This work is particularly important here, because California has taken in more Syrian refugees this year than any other U.S. state. According to reports, the state resettled 1,454 Syrian refugees during the 2016 fiscal year, up from only 179 last year.

Earlier this year, JFCS Executive Director Avi Rose shared on KQED radio his thoughts about the difficult times in which we’re living, “…now is the time for us to act on the best of our values, not the worst of our fears. We can volunteer our time. We can donate our money. We can collect household goods for new Americans who arrive with next to nothing. We can open our hearts and homes, fostering an atmosphere of welcome and support. We can stand up for sensible and compassionate public policies. This is a defining moment for us as individuals and as a country. Let’s take it as an opportunity to be our best selves.”

Underlining the organization’s determination to serve as an instrument of Tikkun Olam is its motto: Compassion in Action. Commitment to All. During WWII, JFCS East Bay helped resettle Jewish refugees fleeing Europe. Later, it worked with Soviet Jewish refugees. More recently it has turned its attention to non-Jewish refugees.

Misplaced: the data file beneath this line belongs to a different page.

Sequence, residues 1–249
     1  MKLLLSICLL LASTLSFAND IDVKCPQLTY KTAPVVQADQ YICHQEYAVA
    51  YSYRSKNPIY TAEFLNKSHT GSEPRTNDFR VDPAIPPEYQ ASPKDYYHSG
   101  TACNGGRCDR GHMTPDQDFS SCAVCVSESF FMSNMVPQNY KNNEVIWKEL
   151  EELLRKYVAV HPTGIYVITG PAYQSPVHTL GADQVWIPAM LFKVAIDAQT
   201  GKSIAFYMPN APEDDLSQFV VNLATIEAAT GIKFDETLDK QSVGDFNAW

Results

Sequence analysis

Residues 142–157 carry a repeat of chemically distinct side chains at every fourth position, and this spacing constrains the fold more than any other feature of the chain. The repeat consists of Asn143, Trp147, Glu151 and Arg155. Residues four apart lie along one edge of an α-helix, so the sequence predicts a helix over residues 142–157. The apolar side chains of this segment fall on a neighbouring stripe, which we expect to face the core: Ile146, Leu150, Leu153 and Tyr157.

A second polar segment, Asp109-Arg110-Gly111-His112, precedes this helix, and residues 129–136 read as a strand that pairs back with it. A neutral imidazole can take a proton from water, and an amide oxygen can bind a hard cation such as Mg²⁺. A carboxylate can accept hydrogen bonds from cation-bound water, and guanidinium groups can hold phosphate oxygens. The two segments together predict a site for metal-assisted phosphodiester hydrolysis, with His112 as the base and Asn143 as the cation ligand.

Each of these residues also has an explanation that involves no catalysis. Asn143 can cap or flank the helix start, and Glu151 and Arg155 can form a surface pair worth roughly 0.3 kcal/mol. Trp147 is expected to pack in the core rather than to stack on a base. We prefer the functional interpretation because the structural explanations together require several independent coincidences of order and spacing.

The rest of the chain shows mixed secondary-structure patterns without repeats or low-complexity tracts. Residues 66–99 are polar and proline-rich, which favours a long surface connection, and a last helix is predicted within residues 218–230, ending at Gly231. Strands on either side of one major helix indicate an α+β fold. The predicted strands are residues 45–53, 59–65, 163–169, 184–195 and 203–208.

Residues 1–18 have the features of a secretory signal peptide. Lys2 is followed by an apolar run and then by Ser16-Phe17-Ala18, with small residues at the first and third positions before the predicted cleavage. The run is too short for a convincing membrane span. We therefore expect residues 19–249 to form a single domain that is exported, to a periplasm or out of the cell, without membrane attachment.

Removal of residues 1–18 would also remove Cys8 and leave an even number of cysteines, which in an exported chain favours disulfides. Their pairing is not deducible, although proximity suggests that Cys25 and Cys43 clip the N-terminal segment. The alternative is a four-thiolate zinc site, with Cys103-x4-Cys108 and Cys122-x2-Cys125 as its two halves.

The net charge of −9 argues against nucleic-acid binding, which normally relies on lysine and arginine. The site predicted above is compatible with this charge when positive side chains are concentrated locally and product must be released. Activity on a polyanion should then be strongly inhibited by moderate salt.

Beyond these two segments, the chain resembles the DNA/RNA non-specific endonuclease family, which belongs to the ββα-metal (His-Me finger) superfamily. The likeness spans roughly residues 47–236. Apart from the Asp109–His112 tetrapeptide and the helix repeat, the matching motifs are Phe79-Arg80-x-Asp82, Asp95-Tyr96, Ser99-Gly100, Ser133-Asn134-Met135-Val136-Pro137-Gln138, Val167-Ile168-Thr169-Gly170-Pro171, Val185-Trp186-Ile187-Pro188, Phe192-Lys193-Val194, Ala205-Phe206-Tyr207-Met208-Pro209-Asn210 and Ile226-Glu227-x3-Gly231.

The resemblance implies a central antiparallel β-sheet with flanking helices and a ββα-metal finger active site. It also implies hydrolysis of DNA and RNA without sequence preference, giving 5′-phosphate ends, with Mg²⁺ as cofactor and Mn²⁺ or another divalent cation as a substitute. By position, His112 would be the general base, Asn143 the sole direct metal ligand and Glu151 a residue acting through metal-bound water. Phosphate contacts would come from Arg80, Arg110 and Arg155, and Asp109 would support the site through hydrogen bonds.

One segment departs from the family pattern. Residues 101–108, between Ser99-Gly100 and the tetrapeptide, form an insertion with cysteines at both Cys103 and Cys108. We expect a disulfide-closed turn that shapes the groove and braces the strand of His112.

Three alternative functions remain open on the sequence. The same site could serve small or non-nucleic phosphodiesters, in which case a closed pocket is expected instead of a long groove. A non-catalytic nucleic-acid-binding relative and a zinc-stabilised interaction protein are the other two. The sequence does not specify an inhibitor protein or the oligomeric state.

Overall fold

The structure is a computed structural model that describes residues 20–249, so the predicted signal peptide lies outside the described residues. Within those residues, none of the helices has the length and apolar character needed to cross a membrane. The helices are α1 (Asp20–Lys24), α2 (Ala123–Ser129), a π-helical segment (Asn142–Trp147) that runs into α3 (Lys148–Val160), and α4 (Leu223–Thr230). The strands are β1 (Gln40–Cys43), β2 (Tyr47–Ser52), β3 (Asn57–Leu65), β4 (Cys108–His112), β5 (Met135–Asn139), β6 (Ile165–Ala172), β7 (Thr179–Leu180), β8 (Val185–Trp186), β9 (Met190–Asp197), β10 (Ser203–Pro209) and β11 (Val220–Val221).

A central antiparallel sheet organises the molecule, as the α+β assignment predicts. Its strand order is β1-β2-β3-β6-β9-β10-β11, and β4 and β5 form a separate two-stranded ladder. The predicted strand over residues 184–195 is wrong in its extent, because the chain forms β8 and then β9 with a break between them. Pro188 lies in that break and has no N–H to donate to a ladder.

“We found it to be a strong and powerful reflection of the values upon which this agency was founded. Even if the refugees are not Jewish, this is very Jewish work,” Rose told the J Weekly last year.

As part of its important work, JFCS East Bay will host “A Narrow Bridge: Post-Election Briefing on Refugee & Immigrant Issues” on Sunday, December 18, with community partners, including JCRC. This event covering issues facing refugees and immigrants in the wake of the presidential election will take place at Temple Isaiah in Lafayette.

Click here for additional resources.

A Narrow Bridge: Post-Election Briefing on Refugee & Immigrant Issues

Sunday, December 18, 2016
Temple Isaiah, 945 Risa Road, Lafayette

SCHEDULE
Jewish Framework for Welcoming Refugees, Rabbi Judy Shanks, Temple Isaiah
PANEL #1: WHAT’S GOING ON